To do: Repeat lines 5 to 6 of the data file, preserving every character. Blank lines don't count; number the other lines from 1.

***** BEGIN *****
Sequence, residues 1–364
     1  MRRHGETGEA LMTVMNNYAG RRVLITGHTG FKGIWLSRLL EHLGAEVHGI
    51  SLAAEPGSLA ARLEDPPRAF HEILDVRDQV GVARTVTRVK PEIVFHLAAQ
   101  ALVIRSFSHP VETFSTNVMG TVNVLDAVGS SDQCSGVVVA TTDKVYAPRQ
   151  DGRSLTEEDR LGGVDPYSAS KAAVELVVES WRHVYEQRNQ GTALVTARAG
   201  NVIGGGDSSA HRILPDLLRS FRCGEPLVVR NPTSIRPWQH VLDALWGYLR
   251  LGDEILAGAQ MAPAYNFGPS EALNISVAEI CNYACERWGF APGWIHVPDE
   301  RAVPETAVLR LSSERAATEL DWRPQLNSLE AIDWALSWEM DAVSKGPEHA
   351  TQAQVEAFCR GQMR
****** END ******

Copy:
   151  DGRSLTEEDR LGGVDPYSAS KAAVELVVES WRHVYEQRNQ GTALVTARAG
   201  NVIGGGDSSA HRILPDLLRS FRCGEPLVVR NPTSIRPWQH VLDALWGYLR